Here are two really helpful apps which help me in my work online.
Meeter picks out video conferencing meetings scheduled in my Exchange and Google calendars, and lists them in the menubar – which I call up with a keystroke, typically 15 or 30 mins early for meetings I host.
I’ve set Meeter to present meetings links five mins early in case I forget to join a meeting I signed up for. With just a click, I’ve joined the meeting. That is typically on Zoom, but Meeter works for Webex, MS Teams and Google Meet as well, amongst others.
The second app has been critical during webinars – I typically have several widows open which I refer to, in addition to the video conferencing app. The Q&A window is on a separate separately, I look up references the speakers make on a web browser, I may be chatting with audience members on What’s App, and keep Notes open to take notes.
Magnet organises all my windows, again with keystrokes. I push windows around with keystrokes to various positions – left or right or top right or left two-thirds. It has been critical when I was using just my laptop screen, and is still very useful when use two screens during WFH.
Since the onset of COVID-19 in late January, I’ve been video-conferencing meetings. My go to for years have been Google Hangouts and Skype with students, and since last October, Microsoft Teams with staff. The latter was part of an effort to shift college colleagues from a bunch of unsecured Google tools to the more secure though less friendly Microsoft platform.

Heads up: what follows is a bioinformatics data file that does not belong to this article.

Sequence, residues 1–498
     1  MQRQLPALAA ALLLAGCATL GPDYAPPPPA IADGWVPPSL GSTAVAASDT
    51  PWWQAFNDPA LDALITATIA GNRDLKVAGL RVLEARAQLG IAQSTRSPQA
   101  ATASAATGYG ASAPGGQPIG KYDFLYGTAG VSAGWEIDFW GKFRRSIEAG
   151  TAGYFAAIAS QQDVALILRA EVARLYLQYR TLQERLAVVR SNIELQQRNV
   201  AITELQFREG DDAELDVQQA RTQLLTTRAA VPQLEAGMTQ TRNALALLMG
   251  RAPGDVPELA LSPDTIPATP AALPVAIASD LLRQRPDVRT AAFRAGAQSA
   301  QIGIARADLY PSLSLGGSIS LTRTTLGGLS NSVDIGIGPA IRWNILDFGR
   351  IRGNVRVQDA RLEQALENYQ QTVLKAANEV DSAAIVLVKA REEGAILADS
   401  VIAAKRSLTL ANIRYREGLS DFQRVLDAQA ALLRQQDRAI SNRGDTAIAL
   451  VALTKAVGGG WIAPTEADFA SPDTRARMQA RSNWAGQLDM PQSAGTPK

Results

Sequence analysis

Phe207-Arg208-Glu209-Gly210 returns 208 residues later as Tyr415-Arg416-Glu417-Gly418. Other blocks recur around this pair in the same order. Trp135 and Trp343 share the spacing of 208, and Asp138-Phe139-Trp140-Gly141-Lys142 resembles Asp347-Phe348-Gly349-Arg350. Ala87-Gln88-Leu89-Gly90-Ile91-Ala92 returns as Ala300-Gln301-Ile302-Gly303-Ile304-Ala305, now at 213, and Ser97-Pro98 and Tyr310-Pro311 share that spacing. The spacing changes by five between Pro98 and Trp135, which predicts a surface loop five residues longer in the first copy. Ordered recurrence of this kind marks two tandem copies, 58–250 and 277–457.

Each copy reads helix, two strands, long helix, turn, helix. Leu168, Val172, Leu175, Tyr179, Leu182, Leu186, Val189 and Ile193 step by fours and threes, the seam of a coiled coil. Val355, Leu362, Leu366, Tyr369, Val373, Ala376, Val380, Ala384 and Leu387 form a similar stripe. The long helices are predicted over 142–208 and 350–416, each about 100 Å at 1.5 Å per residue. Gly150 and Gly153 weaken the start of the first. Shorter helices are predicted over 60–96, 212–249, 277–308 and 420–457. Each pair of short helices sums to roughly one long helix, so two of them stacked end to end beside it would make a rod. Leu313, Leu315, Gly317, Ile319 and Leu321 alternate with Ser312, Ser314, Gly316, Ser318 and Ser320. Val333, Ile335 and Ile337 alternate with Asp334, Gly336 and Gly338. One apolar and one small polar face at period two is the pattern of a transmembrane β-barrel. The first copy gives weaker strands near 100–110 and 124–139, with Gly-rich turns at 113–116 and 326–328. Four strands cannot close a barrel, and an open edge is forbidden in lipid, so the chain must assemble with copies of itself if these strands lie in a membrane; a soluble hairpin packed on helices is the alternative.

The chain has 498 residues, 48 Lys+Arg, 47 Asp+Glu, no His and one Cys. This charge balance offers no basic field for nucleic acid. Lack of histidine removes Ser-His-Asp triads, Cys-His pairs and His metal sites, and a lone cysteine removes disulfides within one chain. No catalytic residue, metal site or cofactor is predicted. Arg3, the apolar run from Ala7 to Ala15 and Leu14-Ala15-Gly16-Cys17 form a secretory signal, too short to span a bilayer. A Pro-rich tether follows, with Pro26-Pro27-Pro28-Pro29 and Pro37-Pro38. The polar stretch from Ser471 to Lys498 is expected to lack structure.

One I started using Zoom though, these other tools were forgotten. Zoom was a delight to use, with an easy interface and single click invitations to a web interface for novice participants. For educators managing classes, the Waiting Room and Breakout Rooms were extremely useful.
So in the final instructional week of the shortened semester (Week 12), I scheduled some 400 students in two modules to present their final oral presentations. That worked out to more than 80 half-hour sessions with Zoom over four days, of which I attended almost 50.
Since I was imposing a tool on so many of us, I read up, prepared guidelines (posted on Google Docs), and compiled this list below to train staff and myself about our hosting duties:
Use the latest version of the Zoom app (check for updates)
Generate a new Meeting ID for each meeting
Generate a new secure password for the meeting
Nominate a co-host when scheduling the session
Keep the Meeting ID and password private to participants only. For large meetings, I have people sign up first and email them meeting details.
Advice participants they can set a Virtual Desktop to mask their background.
Disable File Sharing
Use the Waiting Room to vet participants before allowing them into a session (participants must have recognisable usernames)
Disable “join before host” but be 15 minutes early to the meeting in case participants need help.
Enable the authenticated user mode, if possible.
Lock the room when all are present and if connections are stable.